The control circuit 315 automatically changes the position of the switch 330 in response to introduction of parasitic current at any one of the electrodes 410, 420, 430 and/or 440. Parasitic current may result during an electrosurgical procedure which may cause a voltage to be generated across the resistor 320 and sensed by the pickoff diode 325. If the sensed voltage is above a threshold value (greater than a reference voltage in the order of 1 Volt), the control circuit causes the switch to move from the first "on" position to the second "off position. When this occurs, the control circuit 315 turns "off the switch 330, releasing the shields and reducing the current dramatically. Because the switch 330 is no longer sinking significant current, the voltage on the shield sensed by the control circuit 315 now follows the voltage on the patient electrode thereby maintaining the position of the switch 330 in the second "off position. When the electrosurgical procedure ends or, in the event that the medical professional pauses the procedure by deactivating the electrosurgical tool, the voltage drops across the resistor 320, the pickoff diode 325 senses the voltage change and the control circuit 315, and the switch 330 returns to the first "on" position rendering the shields on the respective electrodes effective and enabling high quality patient parameter monitoring.

Figure 5 is an exemplary circuit diagram of the control circuit 315. The control circuit 315 receives current from a plurality of pickoff diodes represented collectively by reference numeral 502. One skilled in the art will recognize that the number of pickoff diodes 502 is equal to the number of electrodes that are connected to the patient through which a patient parameter signal is able to be monitored by a monitoring device. In one embodiment, the patient parameter monitor is an ECG monitor and there are four ECG leads, each including a respective electrode connected to the patient for monitoring electrical impulses representing cardiac data.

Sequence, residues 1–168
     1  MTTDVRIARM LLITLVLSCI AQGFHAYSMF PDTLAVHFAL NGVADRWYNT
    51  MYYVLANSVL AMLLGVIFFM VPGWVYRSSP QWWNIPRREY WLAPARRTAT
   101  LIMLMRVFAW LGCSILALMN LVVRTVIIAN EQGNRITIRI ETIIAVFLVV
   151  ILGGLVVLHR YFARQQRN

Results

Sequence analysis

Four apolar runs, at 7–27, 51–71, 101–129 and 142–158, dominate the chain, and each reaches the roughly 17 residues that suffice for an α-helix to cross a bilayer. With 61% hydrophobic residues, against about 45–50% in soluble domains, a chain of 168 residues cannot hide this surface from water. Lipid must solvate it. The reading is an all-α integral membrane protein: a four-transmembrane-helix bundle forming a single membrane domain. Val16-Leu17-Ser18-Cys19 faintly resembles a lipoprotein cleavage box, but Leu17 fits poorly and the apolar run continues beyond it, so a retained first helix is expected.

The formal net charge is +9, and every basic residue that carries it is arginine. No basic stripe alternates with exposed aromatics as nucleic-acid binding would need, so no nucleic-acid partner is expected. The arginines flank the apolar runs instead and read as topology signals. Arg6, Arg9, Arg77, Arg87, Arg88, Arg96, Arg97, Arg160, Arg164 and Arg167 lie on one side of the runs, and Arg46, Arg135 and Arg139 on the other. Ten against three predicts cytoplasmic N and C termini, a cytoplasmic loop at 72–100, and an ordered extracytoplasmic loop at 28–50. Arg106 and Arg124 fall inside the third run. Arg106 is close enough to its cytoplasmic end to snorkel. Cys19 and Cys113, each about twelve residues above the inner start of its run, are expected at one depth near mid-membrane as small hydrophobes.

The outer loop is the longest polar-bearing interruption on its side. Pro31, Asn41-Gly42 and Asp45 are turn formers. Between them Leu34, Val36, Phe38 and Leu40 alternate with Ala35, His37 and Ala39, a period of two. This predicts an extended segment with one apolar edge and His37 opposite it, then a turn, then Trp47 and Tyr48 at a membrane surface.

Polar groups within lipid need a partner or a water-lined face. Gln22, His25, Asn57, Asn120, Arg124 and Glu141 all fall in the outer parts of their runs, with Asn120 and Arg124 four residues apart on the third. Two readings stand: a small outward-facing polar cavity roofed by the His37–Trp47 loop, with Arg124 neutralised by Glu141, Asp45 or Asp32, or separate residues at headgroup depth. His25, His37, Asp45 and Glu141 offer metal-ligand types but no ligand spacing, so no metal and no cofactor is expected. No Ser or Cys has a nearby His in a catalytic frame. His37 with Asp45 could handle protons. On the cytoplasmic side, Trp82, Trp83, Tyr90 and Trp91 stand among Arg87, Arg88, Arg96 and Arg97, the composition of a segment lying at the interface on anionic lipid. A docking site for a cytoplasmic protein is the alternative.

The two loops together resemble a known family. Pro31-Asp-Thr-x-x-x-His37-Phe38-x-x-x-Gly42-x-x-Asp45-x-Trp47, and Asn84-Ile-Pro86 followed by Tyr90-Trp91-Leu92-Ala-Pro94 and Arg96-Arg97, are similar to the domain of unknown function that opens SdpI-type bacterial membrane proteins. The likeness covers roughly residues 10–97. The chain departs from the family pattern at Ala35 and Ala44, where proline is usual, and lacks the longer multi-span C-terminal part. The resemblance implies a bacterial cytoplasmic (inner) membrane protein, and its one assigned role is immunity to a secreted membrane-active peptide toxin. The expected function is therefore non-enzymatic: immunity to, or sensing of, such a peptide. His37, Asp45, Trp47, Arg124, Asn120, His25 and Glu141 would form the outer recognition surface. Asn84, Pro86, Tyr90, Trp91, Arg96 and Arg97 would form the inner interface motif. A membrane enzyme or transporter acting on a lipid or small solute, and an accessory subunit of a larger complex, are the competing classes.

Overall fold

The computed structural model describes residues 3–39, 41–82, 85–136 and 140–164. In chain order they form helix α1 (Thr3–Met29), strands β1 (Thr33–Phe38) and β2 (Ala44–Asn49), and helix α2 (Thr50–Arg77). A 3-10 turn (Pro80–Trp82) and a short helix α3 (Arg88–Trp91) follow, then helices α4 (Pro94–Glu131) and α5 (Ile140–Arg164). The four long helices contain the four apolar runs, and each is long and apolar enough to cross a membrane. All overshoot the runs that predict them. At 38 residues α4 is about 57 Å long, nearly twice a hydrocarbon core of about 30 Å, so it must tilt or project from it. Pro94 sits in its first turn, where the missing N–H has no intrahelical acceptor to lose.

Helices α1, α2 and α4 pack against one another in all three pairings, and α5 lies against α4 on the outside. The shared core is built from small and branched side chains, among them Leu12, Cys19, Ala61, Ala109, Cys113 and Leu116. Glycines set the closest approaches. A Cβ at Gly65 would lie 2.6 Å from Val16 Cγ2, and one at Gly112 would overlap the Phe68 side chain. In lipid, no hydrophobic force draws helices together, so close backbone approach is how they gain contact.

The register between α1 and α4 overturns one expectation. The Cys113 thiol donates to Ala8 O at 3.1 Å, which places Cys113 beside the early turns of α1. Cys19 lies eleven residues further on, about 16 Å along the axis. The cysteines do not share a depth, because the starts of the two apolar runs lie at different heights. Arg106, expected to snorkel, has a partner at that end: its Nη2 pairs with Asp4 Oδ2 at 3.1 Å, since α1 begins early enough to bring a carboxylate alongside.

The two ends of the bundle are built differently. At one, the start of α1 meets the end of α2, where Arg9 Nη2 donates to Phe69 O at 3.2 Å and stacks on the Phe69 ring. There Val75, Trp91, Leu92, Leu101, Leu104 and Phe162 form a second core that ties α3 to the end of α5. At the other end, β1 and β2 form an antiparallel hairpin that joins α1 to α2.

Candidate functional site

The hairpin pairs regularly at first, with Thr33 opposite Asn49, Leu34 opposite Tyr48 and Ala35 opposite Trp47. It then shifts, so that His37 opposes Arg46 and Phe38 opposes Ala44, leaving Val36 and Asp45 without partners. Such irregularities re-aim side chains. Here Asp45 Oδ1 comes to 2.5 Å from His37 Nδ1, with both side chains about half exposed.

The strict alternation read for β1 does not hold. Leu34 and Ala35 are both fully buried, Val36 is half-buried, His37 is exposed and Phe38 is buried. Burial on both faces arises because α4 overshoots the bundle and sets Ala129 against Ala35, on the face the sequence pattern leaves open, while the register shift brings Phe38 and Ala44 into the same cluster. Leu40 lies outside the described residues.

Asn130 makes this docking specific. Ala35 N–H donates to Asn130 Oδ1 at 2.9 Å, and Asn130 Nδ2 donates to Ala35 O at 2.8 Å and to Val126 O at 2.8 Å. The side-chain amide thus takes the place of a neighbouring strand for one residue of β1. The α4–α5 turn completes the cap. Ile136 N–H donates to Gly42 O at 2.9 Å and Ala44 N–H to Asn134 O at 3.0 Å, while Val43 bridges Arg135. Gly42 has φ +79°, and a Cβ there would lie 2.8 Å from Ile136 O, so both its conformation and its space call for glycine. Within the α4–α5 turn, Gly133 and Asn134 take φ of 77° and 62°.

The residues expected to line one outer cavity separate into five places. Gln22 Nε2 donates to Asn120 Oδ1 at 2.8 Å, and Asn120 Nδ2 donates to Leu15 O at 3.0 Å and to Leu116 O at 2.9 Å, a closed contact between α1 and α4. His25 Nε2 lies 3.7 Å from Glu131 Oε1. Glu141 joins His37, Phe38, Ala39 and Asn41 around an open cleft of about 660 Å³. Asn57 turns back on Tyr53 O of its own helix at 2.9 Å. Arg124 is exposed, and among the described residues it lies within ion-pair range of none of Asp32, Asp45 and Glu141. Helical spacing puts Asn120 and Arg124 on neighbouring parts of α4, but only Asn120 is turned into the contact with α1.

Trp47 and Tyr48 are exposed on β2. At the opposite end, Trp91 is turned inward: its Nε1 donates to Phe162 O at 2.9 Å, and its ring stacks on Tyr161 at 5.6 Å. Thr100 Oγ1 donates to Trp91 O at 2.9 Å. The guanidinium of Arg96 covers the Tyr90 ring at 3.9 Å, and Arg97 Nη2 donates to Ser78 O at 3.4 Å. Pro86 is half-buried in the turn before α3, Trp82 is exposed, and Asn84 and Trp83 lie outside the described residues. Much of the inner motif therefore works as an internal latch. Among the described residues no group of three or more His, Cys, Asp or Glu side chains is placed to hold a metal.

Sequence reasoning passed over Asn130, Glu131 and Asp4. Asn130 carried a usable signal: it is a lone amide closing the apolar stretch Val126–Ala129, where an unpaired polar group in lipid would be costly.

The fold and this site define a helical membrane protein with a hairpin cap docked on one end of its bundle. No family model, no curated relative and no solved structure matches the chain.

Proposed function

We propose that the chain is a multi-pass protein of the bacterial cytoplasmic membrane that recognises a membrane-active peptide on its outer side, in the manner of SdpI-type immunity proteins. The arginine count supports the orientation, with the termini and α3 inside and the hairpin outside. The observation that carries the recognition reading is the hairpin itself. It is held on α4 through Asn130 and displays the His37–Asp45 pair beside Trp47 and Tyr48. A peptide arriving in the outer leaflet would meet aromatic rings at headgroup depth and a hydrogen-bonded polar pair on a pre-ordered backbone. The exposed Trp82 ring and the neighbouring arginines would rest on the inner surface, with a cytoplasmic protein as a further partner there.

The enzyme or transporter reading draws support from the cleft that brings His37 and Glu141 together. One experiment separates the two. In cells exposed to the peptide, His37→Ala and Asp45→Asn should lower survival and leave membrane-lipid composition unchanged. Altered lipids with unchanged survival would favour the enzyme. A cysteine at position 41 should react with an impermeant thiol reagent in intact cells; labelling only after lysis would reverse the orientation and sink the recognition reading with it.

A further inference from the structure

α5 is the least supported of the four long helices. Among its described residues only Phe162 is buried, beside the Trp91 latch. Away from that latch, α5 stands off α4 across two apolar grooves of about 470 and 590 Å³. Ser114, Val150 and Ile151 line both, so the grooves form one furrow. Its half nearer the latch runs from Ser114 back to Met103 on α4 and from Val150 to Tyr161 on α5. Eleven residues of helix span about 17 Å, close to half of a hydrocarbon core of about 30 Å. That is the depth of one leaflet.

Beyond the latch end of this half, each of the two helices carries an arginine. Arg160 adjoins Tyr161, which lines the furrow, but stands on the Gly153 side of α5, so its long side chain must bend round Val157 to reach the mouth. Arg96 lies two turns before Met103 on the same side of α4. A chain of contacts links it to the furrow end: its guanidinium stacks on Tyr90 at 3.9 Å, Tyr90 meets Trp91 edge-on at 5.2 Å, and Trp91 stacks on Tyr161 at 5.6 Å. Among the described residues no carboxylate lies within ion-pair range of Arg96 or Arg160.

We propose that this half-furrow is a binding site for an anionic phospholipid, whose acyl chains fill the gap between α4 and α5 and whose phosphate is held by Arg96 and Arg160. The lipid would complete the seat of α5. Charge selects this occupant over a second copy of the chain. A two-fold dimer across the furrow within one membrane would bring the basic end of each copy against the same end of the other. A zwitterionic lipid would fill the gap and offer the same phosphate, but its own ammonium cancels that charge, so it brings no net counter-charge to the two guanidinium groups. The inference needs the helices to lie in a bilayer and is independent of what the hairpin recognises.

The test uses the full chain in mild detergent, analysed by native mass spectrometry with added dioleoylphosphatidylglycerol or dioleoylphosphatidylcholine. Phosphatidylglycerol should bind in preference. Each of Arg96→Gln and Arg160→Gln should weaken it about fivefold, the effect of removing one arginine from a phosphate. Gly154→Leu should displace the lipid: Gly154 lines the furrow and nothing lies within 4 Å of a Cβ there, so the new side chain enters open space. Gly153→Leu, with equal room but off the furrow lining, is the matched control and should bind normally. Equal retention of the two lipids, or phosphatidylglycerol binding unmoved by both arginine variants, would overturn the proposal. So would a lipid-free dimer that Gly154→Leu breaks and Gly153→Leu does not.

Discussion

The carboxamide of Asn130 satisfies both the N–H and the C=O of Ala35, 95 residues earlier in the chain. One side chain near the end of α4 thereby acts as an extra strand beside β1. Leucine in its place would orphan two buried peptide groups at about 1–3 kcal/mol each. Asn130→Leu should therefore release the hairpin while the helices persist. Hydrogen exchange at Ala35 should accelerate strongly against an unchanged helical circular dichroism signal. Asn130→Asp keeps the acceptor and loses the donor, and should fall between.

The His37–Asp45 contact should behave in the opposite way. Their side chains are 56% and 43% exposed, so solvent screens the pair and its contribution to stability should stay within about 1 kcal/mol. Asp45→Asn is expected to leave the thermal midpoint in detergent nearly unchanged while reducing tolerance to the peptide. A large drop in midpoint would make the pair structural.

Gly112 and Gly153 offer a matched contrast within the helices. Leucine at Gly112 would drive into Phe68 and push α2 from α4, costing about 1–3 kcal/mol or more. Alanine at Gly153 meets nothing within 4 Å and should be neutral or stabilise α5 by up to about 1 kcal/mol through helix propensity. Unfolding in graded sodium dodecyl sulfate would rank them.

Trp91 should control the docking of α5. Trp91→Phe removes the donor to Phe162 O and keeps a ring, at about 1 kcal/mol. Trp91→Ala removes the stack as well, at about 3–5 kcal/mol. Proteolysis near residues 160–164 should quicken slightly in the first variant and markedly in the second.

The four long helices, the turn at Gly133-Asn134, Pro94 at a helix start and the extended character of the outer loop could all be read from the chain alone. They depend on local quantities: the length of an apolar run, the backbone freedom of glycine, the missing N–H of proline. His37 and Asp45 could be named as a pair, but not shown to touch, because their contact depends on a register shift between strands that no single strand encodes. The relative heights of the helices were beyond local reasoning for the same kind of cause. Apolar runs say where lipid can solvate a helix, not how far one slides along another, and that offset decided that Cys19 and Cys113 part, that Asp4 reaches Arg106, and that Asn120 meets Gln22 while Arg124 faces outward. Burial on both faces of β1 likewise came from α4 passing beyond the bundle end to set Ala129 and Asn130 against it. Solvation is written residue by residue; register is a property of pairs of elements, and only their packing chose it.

Under conditions of high current induced in the shields, current enters through the most positive electrode, passes through resistor 320 to "ground", while at the corresponding most negative electrode, the said current passes through the parasitic diode in the MOSFET switch, through the resistor 320 for that second electrode, and back through that shield to the patient. Simultaneously, the most positive electrode drives the corresponding pickoff diode 325 into conduction, charging an input capacitor 506 (peak detector) in the control circuit 315. A voltage detector 504 of the control circuit is coupled to the switch 330 and directs the operation of the switch between the first "on" position and the second "off position. In one embodiment, the voltage detector 504 may be a comparator which compares the voltage sensed by the peak detector 506 to a threshold value and, if the sensed voltage is equal to or greater than the threshold, the switch is caused to move from the first "on" position to the second "off position. When the switch is in the "off position, the impedance level is increased, thereby disabling any shield on the electrode and substantially reducing the current from flowing through the electrode and thus preventing a patient burn. The time constant of the circuit determines the reset time of the circuit (typically milliseconds). This time constant is effectively the "recovery" time of the circuit, and corresponds to the time when the shields are again effective.